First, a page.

While demand is increasing, China, which not only dominates a large share of global graphite supply but also holds all of the spherical graphite processing technology, is pushing to regulate its graphite industry and – very similar to the Rare Earths situation – is in a position to engage in geopolitical powerplays in this field. In this case, however, the saving grace may be that with graphite and graphene, the rest of the world still has a few years left to correct the problem if it places an emphasis on supply diversity now.

    If you’d like to learn more about the relevance of graphite and why graphene may just be the “new black,” check out American Resources expert Simon Moores’s study titled “The Natural Graphite Report 2012.” The report by Moores, a London-based graphite market specialist with Industrial Minerals, reviews “every major graphite producing company around the world, building from the bottom up data and analysis of the industry. It also contains a focus on the commercialisation of graphene, its production and demand potential.”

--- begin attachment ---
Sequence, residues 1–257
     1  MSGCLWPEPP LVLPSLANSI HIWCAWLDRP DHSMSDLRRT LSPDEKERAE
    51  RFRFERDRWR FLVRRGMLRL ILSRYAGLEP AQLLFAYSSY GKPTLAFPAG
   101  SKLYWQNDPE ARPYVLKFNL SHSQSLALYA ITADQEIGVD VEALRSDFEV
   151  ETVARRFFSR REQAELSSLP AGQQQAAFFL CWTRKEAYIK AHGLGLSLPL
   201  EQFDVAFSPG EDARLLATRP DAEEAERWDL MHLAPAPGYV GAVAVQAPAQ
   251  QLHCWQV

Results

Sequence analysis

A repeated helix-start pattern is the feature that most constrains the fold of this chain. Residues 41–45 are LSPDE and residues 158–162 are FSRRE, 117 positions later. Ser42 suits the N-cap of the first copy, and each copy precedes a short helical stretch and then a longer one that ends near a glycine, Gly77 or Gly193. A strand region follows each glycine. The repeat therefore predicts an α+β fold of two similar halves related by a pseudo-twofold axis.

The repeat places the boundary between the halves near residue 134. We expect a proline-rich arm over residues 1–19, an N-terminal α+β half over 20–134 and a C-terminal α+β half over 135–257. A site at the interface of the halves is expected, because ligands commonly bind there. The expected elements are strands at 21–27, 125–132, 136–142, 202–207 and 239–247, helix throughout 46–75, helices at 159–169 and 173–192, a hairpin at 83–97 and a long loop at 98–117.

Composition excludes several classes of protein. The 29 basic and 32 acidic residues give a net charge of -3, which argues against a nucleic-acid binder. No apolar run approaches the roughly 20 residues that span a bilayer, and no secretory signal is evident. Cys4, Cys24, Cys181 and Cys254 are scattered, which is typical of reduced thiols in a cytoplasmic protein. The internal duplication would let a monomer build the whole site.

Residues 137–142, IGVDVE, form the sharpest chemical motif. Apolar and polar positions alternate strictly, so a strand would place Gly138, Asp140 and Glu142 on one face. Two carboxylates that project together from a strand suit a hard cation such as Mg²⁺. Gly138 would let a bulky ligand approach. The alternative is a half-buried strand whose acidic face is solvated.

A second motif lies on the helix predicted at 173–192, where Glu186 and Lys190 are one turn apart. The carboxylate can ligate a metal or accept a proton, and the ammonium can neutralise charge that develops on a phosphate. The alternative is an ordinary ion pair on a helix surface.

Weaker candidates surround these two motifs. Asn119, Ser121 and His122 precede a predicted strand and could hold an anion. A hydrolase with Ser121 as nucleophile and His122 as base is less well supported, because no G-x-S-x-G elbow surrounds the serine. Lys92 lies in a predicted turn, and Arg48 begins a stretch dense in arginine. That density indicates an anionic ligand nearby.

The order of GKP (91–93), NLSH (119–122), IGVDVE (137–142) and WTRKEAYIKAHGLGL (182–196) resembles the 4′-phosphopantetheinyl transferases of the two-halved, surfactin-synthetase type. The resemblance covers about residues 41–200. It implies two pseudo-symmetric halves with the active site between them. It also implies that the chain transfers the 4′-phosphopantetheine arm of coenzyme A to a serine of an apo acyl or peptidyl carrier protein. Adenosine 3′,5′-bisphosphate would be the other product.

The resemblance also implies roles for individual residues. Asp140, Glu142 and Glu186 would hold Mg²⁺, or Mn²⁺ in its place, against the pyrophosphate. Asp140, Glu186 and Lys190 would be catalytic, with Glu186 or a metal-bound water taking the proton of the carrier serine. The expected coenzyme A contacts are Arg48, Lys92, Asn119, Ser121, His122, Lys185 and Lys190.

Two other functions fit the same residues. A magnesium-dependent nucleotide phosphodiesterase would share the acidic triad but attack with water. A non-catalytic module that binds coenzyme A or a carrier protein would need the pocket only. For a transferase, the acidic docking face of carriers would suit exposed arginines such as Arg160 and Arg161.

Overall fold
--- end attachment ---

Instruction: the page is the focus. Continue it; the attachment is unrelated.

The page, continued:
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  • EV uncertainty dominates discussion at Graphite Conference – Part 2

    This is the second of a two-part post by American Resources Expert Simon Moores and his Industrial Minerals colleague, Andy Miller. Read Part One here.   2013 rebound after poor year 2012 has been a poor year for graphite demand. Trading activity has been sapped out of the industry since September with little sign of [...]
  • EV uncertainty dominates discussion at Graphite Conference – Part 1

    This is the first of a two-part post by American Resources Expert Simon Moores and his Industrial Minerals colleague, Andy Miller. Check back tomorrow for Part Two. The future for electric vehicle (EV) batteries dominated discussion at Industrial Minerals 2nd Graphite Conference in London last week, despite being only the fourth largest market for the [...]
  • American Resources experts to speak at international graphite conference